Gender and Poveerty: Female Empowerment

It is important to go back in the traditional society in order to explain Gender and poverty. Gender inequality is a social and economic stratification which result of exclusion for both men and women, girls and boys in the society. In Bashi and south Asia society as well as in others societies, the conception on women always be negative like someone who can only do well in the kitchen and at home. They are socialised and skilled in household, on how to take care of their husband and child care.

In addition, girls are socializing to be submissive to their husbands, to obey and remain under authority of man. However, Men or boys are socialized in a way that enable them to become decision makers, leader of the family, chief and strong.

In rural areas, people believe strongly that boys should be educated because they will remain in the family and assist their aged parents, while daughters are likely to serve other families after marriage.

They believe also that educating girls, beyond primary school, will not allowed her to get a husband. This negative view impeded the society to see the value of education to women. This lack of education impedes them to fundraising, to job opportunities, lack of skills, and ignorance of their merits. All this element make women remain in poverty in Bashi and Asia societies.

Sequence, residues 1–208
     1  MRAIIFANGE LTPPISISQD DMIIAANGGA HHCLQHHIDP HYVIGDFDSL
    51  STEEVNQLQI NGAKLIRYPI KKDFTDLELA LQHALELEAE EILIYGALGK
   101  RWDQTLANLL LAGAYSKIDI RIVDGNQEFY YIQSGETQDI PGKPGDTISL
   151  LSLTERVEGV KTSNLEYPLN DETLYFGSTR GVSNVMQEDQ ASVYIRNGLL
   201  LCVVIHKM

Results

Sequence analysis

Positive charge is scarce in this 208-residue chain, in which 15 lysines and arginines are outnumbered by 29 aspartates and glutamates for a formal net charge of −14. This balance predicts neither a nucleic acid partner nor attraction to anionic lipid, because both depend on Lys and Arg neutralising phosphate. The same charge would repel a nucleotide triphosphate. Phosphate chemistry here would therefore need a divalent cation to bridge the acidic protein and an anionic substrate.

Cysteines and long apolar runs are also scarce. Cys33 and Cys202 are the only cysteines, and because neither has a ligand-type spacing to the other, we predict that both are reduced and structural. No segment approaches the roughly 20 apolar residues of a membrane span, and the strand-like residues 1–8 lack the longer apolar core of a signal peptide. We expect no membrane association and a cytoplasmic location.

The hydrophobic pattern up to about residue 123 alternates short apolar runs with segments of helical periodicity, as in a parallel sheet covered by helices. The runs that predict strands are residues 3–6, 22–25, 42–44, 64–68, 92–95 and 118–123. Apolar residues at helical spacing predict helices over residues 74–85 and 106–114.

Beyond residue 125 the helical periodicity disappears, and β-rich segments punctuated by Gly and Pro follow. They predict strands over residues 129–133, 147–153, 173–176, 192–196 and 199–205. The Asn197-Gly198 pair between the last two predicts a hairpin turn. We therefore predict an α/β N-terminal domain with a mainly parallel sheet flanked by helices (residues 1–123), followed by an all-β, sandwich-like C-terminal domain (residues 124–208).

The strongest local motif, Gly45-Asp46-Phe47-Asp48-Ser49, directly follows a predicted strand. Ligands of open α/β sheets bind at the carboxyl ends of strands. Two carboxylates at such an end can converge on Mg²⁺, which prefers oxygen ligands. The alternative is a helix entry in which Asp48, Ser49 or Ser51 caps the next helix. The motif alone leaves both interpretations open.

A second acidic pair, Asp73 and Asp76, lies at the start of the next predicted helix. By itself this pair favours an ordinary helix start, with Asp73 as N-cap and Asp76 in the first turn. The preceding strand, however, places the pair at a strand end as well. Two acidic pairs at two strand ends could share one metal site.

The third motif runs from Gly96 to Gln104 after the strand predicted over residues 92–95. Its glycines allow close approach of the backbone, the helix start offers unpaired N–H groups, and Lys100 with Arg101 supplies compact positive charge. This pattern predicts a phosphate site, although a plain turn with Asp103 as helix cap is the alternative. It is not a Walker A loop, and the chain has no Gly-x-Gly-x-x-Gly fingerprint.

Women in South Asia as well as in Bashi culture, are often excluded from decision-making, have limited access to and control over resources, are limited in their mobility and are often under male’s controls or relatives.

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They are always begging their husbands. They rely on what their husband has given; therefore, this leads them to remain and live in a poverty. The fact that they are not educated, their ability, potentiality is not developed and therefore they are just there to be without contribution to the economic growth. This does not mean that the government has never done anything, they have started, but families are where most decision-making takes place, and norms and values which continue to perpetuate inequalities between men and women across generations, even when such laws are in place. (Banu 2016.)

People who live in extreme poverty lack both income, deprivations, including hunger and malnutrition, poor health, limited education, and marginalization or exclusion. It weakens the resilience of households and communities, and limits the ability of individuals to participate fully in society and better their lives